The monumental site of the Alhambra and Generalife in Granada (Spain) offers some of the most beautiful of the Al Andalús landscapes. Declared a Cultural Landscape site and Heritage of Mankind by UNESCO, the Alhambra in Granada (Spain) is not just a group of palatial buildings but a collection of defensive and civil architecture that cleverly interacts with secluded gardens and orchards and with the water that flows playfully in every nook and cranny of the palace grounds.
“I am an orb of water that creatures see as clear and transparent / a great Ocean whose shores are carefully worked in marble / and whose waters, in the shape of pearls, run over meticulously carved ice. / I am flooded by water, but from time to time, / I shed the transparent veil that covers me”. These were the words used by the poet Ibn Zamrak (1333-1393) to describe the Daraxa garden. In his poems, he recorded every fountain, every doorway and every wall panel.
Without the water that is everywhere evident in ponds, fountains and channels, even cascading down the banisters of staircases, the gardens of the Alhambra and the Generalife would never have existed. “When we contemplate the Alhambra, we get the feeling that the Arab’s ideal was to live in a garden”, said Spanish architect Fernando Chueca Goitia.
The most beautiful walled gardens are to be found in the Alhambra palaces, forming an inseparable part of the architecture and penetrating the interiors. The Abencerrajes and Dos Hermanas rooms are connected with the outdoors (Patio de los Leones) by an unbroken channel and a basin, creating a sensation of continuity and an effect of luminosity and movement, and emulating the rooms of the Koranic paradise “through which streams flow”.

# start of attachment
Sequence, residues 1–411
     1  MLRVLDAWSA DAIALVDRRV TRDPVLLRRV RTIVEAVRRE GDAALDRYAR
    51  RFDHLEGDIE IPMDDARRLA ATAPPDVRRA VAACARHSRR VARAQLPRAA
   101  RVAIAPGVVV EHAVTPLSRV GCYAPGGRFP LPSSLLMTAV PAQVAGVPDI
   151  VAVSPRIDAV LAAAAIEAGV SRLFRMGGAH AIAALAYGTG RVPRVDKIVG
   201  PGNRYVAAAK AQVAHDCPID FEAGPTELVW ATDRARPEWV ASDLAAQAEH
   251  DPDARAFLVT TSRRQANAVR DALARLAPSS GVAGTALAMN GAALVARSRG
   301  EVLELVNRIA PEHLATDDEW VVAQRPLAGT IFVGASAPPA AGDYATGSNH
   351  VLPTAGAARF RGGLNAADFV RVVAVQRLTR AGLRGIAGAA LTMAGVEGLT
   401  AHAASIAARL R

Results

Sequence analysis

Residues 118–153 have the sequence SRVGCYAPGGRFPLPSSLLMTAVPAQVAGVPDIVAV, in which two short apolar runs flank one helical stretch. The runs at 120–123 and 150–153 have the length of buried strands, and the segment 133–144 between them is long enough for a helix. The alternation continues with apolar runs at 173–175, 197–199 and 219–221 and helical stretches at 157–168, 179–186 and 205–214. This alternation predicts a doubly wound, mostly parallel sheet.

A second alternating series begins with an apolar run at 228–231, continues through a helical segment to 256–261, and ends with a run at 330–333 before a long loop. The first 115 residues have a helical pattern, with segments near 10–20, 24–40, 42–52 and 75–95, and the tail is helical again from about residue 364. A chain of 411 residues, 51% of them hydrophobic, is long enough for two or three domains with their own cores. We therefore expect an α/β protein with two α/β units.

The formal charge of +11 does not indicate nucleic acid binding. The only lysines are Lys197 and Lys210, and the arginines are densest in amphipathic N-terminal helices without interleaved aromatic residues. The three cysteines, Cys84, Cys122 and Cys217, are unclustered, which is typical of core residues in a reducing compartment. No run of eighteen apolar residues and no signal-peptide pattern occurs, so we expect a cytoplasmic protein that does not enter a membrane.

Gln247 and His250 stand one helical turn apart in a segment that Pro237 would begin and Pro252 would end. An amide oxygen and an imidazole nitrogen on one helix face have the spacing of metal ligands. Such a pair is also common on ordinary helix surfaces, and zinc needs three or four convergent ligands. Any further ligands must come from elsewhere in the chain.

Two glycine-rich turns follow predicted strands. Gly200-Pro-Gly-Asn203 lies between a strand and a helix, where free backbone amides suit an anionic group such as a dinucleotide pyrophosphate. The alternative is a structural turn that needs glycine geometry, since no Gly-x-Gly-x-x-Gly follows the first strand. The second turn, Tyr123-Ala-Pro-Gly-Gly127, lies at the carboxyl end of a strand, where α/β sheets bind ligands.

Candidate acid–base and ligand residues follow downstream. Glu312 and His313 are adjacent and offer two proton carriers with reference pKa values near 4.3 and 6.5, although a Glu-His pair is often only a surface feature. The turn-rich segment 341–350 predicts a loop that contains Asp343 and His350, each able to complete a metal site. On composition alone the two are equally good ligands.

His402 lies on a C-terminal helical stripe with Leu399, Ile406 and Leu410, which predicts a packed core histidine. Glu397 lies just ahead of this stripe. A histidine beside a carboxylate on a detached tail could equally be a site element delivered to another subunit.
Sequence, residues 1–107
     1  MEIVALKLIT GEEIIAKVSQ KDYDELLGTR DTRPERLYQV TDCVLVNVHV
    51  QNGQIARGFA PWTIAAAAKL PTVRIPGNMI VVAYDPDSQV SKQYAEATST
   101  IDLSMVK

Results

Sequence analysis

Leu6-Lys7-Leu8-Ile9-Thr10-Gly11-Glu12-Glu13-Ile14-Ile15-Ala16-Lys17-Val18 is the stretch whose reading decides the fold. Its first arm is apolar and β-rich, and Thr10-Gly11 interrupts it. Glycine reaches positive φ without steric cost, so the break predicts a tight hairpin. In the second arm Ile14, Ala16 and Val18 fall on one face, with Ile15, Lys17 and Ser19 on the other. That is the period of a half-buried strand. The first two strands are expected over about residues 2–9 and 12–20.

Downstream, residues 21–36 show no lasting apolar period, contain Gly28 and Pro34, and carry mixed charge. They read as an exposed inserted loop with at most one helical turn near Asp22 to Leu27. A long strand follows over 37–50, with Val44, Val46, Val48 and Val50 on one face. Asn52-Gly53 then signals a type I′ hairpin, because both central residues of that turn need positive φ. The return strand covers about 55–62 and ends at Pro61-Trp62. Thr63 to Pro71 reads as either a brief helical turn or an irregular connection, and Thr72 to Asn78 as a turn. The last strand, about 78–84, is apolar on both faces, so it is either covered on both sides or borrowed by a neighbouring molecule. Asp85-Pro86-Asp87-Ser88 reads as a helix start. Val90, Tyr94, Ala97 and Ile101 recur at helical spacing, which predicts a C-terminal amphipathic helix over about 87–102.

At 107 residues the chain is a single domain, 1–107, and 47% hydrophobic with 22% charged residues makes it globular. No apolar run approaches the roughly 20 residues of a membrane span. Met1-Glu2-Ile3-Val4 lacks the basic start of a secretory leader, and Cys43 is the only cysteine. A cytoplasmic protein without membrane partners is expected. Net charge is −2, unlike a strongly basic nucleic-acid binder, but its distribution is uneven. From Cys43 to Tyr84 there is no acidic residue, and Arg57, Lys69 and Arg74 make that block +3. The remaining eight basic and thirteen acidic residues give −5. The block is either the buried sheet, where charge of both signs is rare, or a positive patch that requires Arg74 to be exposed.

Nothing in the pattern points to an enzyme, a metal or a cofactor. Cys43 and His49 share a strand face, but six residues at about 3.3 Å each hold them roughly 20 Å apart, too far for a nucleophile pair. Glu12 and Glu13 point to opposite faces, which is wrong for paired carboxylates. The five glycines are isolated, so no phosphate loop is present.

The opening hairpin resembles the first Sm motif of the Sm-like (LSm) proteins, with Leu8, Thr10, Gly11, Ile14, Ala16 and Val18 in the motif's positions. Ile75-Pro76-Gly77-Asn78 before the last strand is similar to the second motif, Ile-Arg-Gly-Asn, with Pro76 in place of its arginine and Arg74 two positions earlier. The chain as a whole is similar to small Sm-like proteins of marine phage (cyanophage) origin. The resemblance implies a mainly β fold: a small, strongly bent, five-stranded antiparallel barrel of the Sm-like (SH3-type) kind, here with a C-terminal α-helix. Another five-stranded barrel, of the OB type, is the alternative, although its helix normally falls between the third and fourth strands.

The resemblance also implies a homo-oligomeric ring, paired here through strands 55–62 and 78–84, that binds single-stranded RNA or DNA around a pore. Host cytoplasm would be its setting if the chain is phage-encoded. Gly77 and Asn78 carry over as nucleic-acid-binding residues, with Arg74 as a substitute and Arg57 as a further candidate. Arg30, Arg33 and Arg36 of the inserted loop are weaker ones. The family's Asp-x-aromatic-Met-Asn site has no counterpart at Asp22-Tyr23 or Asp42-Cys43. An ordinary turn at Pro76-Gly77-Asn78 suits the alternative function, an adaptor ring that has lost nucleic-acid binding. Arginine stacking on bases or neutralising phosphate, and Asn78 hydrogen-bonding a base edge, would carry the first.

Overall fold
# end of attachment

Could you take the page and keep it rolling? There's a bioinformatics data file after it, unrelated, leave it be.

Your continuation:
A sheet of water
In the Patio de Arrayanes (or Patio de Comares), the sheet of water reflects the facades and porticoes, duplicating the feeling of space, while the green myrtle border breathes freshness into the whole ensemble.
The Patio de la Acequia in the Generalife summer palace, however, is a narrow, elongated space, full of vegetation arranged around a pond supplied by the Main Canal. Here the jets form a sparkling curtain of water, a delight for both eye and ear.
The other gardens in the Generalife – the Upper Gardens, the Lower Gardens, the Sultan’s Cypress Courtyard, and the cypress and oleander avenues, with their symmetry and luxuriance – are Baroque and Romantic reinterpretations of the Al-Andalús garden, but they offer welcome shade and enjoyment to visitors. Here, alongside the centennial box plants grows a botanical curiosity, the Mirtus betica, a sort of myrtle introduced in the 16th century that is to be found in very few other locations.
Beyond these emblematic gardens are the orchards, in process of restoration and not open to visitors. Their terraces lead gently down to the valley, overlooking the city of Granada, a sight that works its magic especially in the evening hours.
Text and pictures: Inés Eléxpuru